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Carbon and inequality: From Kyoto to Paris Trends in the global inequality of carbon emissions (1998-2013) & prospects for an equitable adaptation fund World Inequality Lab

Abstract : This study presents evolutions in the global distribution of CO2e emissions (CO2 and other Green House Gases) between world individuals from 1998 and 2013 and examines different strategies to finance a global climate adaptation fund based on efforts shared among high world emitters rather than high-income countries. To this end, we combine data on historical trends in per capita country-level CO2e emissions, consumption-based CO2e emissions data, within-country income inequality and a simple income-CO2e elasticity model. We show that global CO2e emissions inequalities between individuals decreased from Kyoto to Paris, due to the rise of top and mid income groups in developing countries and the relative stagnation of incomes and emissions of the majority of the population in industrialized economies. Income and CO2e emissions inequalities however increased within countries over the period. Global CO2e emissions remain highly concentrated today: top 10% emitters contribute to about 45% of global emissions, while bottom 50% emitters contribute to 13% of global emissions. Top 10% emitters live on all continents, with one third of them from emerging countries.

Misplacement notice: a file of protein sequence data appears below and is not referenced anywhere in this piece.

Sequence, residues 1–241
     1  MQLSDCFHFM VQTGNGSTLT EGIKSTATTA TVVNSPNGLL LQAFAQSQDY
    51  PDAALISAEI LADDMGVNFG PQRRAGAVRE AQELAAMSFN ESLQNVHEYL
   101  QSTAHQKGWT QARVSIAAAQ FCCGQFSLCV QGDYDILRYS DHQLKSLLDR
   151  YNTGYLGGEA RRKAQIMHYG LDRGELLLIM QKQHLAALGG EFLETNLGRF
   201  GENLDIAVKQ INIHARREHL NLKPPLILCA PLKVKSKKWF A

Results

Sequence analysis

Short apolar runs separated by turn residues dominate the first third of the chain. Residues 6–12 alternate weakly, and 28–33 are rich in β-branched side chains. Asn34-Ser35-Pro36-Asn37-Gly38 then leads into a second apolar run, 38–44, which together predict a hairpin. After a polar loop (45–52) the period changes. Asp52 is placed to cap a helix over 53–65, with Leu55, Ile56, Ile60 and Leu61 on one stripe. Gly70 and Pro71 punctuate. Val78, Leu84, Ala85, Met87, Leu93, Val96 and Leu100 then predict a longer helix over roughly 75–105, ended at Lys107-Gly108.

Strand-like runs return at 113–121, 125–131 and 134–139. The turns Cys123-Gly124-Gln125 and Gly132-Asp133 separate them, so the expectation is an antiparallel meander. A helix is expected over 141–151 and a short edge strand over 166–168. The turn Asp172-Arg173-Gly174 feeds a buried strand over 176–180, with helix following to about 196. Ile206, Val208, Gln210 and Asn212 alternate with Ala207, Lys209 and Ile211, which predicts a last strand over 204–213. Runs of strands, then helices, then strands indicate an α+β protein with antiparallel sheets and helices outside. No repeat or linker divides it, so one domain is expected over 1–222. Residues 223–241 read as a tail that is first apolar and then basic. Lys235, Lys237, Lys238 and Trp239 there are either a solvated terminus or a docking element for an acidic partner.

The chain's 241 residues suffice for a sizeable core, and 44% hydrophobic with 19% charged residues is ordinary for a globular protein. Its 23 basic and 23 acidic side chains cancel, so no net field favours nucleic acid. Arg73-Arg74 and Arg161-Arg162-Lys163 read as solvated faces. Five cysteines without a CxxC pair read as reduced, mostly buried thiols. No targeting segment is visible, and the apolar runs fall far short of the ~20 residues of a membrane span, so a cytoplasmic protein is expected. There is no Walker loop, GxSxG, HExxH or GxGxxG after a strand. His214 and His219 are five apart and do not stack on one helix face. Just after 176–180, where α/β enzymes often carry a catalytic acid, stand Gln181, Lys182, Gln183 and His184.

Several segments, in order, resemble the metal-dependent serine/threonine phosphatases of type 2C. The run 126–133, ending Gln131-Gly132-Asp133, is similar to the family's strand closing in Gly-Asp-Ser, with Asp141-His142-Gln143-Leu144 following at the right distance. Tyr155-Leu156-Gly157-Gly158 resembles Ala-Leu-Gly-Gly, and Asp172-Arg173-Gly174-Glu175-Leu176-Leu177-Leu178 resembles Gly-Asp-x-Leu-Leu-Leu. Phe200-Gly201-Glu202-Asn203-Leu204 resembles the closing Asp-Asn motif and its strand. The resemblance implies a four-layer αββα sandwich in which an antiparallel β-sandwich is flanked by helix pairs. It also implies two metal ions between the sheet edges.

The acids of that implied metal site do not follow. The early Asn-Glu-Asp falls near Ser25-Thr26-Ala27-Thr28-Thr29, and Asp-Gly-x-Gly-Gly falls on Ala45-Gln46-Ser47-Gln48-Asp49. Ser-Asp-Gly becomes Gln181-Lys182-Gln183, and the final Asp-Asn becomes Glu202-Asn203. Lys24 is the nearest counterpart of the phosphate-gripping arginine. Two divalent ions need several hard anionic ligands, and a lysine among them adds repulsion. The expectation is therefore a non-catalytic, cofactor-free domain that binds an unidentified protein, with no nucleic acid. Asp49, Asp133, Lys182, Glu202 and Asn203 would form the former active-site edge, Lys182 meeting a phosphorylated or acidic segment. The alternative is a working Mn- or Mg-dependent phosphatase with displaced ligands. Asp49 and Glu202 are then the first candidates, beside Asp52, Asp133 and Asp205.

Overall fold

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https://halshs.archives-ouvertes.fr/halshs-02655266
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Lucas Chancel, Thomas Piketty. Carbon and inequality: From Kyoto to Paris Trends in the global inequality of carbon emissions (1998-2013) & prospects for an equitable adaptation fund World Inequality Lab. 2015. ⟨halshs-02655266⟩

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